The Web of Corruption


Anyone in search of an object lesson in how to write about crime need look no further than Web of Corruption, which tells the story of John Poulson and T Dan Smith. Raymond Fitzwalter and David Taylor took eight years to research and write their analysis of the most far-reaching corruption trial of this century. The opening summary is startling.

Of those prosecuted in connection with Poulson twenty-one were convicted on corruption charges. There were nine councillors, four officials from nationalised industries, three civil servants, two local government officers, a journalist, a builder and the architect of the whole conspiracy, Poulson himself. Three hundred people were listed for investigation and many of them lived in fear until the police called it a day. Some offenders either died or left the country before the police could move in.

The strength and integrity of the book lies in its exhaustive factual base and its refusal to be drawn into the coy intimacy adopted by so many popular crime exposés. It draws attention to the element of paradox in both of its main subjects. In the case of Poulson, it notes his genuine Methodism and the apparently spontaneous generosity which co-existed with grandiose dishonesty, avarice and graft. In the case of Dan Smith (whom the authors understandably find the more interesting of the two), there was a conflict between the socialist visionary and the squalid con-man operating in the front of the PR boom.

Yet this is primarily a book about ‘the system’, and the gutlessness of supposed guardians of the public mores. The first part of the book offers a detailed analysis of the irresistible growth of the Poulson empire. It moves at a blistering and breathless pace through the town halls of the North-East and the inner committees and cabals of statutory authorities, unions, the construction industry, great nationalised enterprises including the National Health Service, British Railways, the Coal Board and, finally, the Scottish Office. In doing so, it dramatically illustrates, not only the size and the virility of the corruption which spread into public life in the wake of the property bonanza, but also the complex motives and backgrounds of corrupted and corrupt. Between the feudal union boss, Andy Cunningham, the King of Durham, the gifted, charming civil servant George Pottinger, and the compassionate hospital administrator George Braithwaite, there was little in common except a willingness to sell the stewardship of their offices for the backhanders of an unqualified architect. That they should do so is shocking: the process by which they did so is essential reading for anyone interested in the operations of power in this country.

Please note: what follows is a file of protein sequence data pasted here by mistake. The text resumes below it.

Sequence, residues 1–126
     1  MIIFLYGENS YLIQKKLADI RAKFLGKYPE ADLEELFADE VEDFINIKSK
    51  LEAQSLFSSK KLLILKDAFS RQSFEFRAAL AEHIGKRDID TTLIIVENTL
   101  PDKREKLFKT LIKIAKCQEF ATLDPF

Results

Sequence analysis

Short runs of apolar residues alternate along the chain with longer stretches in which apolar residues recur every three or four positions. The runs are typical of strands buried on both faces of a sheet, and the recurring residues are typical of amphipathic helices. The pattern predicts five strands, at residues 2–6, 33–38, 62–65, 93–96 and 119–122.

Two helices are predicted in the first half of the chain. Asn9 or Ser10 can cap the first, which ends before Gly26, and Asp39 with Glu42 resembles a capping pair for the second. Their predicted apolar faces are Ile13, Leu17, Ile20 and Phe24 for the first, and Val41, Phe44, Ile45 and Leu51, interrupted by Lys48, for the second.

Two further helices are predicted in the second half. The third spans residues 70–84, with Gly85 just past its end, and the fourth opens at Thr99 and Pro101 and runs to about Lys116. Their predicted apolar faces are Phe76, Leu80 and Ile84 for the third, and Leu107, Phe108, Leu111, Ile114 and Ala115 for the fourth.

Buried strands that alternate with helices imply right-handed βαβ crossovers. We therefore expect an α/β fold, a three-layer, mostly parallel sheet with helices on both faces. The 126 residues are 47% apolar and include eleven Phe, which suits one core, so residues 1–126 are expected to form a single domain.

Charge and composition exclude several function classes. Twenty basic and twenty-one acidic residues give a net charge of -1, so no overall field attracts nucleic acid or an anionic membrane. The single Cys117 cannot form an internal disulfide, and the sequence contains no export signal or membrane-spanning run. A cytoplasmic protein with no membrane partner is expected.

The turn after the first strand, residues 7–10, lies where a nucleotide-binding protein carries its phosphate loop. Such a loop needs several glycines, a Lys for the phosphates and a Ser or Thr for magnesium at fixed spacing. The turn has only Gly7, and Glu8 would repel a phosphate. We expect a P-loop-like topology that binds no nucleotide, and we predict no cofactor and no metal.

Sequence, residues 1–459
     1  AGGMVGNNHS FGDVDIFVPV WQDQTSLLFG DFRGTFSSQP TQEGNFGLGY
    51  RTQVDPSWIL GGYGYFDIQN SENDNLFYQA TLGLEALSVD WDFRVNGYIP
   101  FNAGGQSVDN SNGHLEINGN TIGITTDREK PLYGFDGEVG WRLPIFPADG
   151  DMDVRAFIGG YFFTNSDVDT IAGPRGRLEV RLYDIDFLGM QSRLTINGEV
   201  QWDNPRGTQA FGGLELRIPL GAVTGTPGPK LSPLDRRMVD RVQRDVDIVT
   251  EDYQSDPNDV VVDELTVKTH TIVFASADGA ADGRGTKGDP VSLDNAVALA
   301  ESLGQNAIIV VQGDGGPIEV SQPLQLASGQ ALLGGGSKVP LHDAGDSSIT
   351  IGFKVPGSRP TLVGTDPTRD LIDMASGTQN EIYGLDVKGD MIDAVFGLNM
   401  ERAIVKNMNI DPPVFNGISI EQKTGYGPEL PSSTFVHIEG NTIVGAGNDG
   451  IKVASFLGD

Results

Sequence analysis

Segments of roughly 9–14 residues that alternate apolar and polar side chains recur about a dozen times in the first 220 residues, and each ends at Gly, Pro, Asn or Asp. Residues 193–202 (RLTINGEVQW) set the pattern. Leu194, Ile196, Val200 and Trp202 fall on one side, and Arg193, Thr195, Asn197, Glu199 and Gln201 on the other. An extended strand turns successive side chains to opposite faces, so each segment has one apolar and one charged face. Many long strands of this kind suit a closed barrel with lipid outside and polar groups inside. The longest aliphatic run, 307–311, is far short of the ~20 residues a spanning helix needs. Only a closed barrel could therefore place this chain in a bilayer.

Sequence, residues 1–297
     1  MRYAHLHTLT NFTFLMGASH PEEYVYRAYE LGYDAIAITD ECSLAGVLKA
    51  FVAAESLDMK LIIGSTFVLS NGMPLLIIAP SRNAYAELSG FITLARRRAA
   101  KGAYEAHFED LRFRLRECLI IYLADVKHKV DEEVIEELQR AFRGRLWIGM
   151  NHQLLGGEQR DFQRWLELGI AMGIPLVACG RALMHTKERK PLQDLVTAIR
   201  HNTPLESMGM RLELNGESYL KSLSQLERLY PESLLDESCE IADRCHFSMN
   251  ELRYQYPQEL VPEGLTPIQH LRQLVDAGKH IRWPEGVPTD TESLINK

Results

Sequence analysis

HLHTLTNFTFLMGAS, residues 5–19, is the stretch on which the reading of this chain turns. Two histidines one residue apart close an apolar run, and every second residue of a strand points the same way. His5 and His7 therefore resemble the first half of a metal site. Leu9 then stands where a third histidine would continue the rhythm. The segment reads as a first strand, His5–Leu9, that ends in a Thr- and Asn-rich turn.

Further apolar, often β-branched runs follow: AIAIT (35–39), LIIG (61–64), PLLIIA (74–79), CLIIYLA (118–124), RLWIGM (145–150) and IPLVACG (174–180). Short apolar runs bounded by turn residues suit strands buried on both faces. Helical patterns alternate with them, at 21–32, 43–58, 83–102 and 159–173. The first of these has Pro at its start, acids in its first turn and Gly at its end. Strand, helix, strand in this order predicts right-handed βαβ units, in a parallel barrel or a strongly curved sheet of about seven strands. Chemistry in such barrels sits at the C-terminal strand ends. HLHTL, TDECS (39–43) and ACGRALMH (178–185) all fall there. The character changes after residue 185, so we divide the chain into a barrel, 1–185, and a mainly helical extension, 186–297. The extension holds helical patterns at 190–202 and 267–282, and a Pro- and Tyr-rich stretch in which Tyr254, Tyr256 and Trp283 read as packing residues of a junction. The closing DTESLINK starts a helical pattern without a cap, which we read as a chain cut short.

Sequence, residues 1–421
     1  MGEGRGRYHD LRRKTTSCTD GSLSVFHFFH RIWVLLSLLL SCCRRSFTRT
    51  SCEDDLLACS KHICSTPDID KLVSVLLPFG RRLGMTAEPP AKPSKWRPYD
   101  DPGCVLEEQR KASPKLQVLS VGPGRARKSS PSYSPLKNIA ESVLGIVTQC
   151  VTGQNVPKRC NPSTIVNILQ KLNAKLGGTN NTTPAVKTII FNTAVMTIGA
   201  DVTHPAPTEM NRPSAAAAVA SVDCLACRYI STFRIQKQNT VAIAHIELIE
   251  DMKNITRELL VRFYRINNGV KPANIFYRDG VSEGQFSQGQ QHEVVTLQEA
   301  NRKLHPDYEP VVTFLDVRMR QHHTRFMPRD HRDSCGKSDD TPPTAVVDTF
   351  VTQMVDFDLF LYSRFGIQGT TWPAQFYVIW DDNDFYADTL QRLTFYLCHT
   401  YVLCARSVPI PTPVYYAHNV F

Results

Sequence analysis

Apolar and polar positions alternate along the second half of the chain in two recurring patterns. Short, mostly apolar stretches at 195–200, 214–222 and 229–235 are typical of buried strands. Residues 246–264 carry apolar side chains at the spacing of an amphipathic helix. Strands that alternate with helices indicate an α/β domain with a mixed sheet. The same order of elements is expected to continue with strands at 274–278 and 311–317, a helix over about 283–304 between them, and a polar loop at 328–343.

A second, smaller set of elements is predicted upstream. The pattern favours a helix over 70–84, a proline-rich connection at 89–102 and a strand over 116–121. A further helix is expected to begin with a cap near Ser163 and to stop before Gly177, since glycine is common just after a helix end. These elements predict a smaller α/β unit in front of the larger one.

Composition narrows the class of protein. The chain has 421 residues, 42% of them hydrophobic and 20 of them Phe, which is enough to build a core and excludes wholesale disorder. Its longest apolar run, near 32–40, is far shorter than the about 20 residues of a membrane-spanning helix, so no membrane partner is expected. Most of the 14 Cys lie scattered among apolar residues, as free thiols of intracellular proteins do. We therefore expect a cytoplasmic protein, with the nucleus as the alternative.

The heart of the book concerns the action, or inaction, of professional and public bodies when confronted with established facts relating to the conduct of their members, and it exposes the feeble and dishonest conduct of Parliament when it learned of payments made by its own members – to Reginald Maudling, Albert Roberts (Labour) and John Cordell (Conservative). Considering the report of the committee which had censured Maudling and had described Roberts’s behaviour as ‘inconsistent with the standards which the House is entitled to expect from its Members’, the Commons refused to adopt it. In a memorable passage, the authors remark: ‘Having let Maudling off the hook, a somewhat larger Commons majority showed a similar leniency towards Albert Roberts. And so the curtain came down on Britain’s most insidious post-war scandal. After five years of intense scrutiny it ended with a whimper, the final explosion neatly sandbagged by the elected guardians of the public interest.’

Much British graft stems from the obsessive secrecy which surrounds relationships between public servants and contractors. The authors, both outstanding journalists, might also have said that this helps to account for the abject quality of mass political journalism: if the real facts of power and of its use are concealed, it is hardly surprising that the media should resort to the speculative trash which passes for political analysis.

Robert Marshall-Andrews, QC MP